Thursday 18 July 2013

Have we got the oldest cedar tree in England?

I have spent several enjoyable hours poring over the almanac of St Stephen’s Church. The vicar kindly let me loose on a lot of old material including this almanac started in 1914 which chronicles everything that has happened in St Stephen's parish and the church since the church records were kept. It has really fascinating material which I intend to put up on the website when it gets going. (It's under development as we speak.)

So about our lovely cedar tree in St Stephen's field:

Cedar tree in St Stephen's field
I have discovered that back in 1914 the then vicar wrote a letter to Kew Gardens giving the measurements of the famous cedar of Lebanon - then in what was the churchyard. It was pretty big at that time and that’s a century ago. From the reply it looked like they could not identify a larger specimen and so said that it was probably the largest of its kind in England – no mention of the other parts of the UK. It will be interesting to see how much it has grown in that time. We did measure the girth about 5 years ago when we did our tree hugging exercise and we estimated that it was about 9m – or seven adult hugs.

Tree hugging to estimate girth

Back in 1914, the tree measured 26¼ft at 3ft from the ground (approx 8m) so it has grown about a metre in 100 years. We still have no accurate estimate of its age. Kew reckons that the previous oldest cedar tree cut down at Wilton House, measured 36ft at 5ft from the ground in 1874 and from its rings it was estimated that it dated from 1638. In order for our tree to fit the legend of King Henry canoodling with Anne Boleyn under it, it has got to be another hundred or so years older that the Wilton House one. Maybe we will never know until it dies and the rings can be counted - and we don’t want that to happen!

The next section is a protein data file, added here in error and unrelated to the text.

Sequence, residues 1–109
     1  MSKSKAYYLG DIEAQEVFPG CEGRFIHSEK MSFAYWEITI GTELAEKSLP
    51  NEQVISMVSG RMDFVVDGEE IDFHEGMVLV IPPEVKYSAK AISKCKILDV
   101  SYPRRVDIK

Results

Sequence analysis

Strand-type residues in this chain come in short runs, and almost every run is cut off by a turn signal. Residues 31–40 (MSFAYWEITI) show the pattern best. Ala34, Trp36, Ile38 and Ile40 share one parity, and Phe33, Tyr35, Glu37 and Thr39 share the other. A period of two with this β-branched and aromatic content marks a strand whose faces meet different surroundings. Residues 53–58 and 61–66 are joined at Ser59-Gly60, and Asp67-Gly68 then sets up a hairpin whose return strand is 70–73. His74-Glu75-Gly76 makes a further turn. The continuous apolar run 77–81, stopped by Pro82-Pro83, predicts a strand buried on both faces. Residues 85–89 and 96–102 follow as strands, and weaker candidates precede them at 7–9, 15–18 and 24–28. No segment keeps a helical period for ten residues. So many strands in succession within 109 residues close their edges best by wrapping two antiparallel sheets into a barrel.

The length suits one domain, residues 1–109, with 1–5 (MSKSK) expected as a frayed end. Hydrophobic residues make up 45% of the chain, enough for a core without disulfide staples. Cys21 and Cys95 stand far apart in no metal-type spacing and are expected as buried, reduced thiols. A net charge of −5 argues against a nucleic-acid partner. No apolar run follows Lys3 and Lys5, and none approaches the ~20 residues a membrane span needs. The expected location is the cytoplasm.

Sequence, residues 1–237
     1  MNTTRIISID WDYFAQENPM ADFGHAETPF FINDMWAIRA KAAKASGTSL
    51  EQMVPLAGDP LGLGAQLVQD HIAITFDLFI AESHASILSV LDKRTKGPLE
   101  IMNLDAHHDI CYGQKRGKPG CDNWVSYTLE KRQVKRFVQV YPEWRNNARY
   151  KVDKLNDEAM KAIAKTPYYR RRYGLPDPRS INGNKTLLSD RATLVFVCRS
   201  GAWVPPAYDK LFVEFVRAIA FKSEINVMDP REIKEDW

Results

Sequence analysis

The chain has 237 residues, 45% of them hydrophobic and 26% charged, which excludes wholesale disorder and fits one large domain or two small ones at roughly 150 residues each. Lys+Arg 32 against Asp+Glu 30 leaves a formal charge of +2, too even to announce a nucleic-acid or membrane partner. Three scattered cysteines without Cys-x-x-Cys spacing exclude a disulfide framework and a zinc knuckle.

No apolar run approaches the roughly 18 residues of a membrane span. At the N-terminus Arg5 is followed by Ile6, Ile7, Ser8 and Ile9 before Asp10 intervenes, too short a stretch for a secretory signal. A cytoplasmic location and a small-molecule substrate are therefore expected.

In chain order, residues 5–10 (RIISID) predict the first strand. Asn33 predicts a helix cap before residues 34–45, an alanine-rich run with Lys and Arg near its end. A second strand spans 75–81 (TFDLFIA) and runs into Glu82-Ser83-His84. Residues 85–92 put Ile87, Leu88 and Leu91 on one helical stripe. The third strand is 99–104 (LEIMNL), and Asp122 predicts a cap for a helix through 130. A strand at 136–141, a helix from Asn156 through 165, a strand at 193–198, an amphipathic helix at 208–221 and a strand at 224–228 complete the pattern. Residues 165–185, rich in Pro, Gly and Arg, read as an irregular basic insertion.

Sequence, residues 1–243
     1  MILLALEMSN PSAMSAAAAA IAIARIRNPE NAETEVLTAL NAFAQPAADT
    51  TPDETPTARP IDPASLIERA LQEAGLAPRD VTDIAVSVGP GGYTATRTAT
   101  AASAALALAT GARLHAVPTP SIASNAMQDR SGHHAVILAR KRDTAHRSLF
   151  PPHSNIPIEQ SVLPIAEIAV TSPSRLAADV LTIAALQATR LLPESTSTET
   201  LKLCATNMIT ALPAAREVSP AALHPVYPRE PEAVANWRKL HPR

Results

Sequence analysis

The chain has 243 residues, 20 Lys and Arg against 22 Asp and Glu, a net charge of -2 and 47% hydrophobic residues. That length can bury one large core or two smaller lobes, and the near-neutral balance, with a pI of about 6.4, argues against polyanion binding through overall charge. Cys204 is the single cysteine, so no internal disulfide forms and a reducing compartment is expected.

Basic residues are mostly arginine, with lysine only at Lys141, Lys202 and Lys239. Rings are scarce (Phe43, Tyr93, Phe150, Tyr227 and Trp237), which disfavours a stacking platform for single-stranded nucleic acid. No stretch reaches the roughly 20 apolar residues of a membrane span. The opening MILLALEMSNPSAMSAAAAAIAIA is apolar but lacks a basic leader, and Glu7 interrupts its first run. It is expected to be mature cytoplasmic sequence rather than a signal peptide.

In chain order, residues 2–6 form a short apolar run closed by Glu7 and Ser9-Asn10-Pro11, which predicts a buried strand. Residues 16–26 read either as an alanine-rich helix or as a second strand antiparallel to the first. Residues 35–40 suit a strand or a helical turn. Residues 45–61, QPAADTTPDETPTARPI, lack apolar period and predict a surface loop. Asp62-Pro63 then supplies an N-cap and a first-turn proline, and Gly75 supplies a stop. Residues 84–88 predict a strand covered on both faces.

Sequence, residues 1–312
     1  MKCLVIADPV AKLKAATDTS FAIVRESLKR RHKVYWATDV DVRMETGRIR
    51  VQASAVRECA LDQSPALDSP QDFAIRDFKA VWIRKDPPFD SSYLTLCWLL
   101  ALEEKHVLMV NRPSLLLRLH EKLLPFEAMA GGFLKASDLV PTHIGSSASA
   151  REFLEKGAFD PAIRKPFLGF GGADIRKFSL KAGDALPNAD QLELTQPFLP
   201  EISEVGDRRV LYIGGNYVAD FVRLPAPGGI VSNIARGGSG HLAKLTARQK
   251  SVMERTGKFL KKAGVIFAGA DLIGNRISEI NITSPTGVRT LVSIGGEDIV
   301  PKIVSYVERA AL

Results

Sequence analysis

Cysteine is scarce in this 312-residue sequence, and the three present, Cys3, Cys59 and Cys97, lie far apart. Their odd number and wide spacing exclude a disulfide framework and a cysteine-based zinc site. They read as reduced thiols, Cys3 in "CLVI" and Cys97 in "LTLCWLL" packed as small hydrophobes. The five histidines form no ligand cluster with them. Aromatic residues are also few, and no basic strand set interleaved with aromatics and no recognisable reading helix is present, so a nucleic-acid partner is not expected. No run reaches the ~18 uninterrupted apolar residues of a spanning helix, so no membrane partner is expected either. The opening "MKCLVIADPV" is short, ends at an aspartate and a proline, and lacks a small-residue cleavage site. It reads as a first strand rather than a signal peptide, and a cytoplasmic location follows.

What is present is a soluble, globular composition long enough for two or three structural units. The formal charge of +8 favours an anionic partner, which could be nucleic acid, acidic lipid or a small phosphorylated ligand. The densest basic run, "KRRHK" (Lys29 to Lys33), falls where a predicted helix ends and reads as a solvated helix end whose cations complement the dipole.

The almanac also gives details of what the original Vicarage and the garden looked like. The vicarage had twelve bedrooms/dressing rooms, several reception rooms, cellar and rooms for servants. Outside were small ‘home farm’ buildings viz: three brick cowsheds and pigsty; a cottage for the gardener/chauffeur of five rooms; stabling for 4 horses; two coach houses (or garages) large & small; four large coal and wood sheds ; and a dairy. It was demolished in the 1970s because it was vandalised by youths who took advantage of the generosity of the then incumbent, Rev Hart-Synnot. It must have been a wonderful house and garden in its day.

Here is a lovely description of the garden and grounds. “The Vicarage garden and grounds (of about 2¼ acres) are of great natural beauty. They include an orchard walled on two sides and adjoining the churchyard, a large lawn on the Eastside of the house and a small lawn on the West on Watling Street side, a large walled kitchen garden, a glade at the south side of the large lawn, two shrubberies with trees, a pleasant little wood with fine trees opening from the bottom of the large lawn. There is an ancient and picturesque well with the wheels and cogs of wood. It has not been used since the town water became available.” And there were tennis courts. What a lovely picture of what we have lost. At least the cedar is still standing! 

Vicarage - Garden with Cedar - From Dudlley Notebook

Sandy Norman

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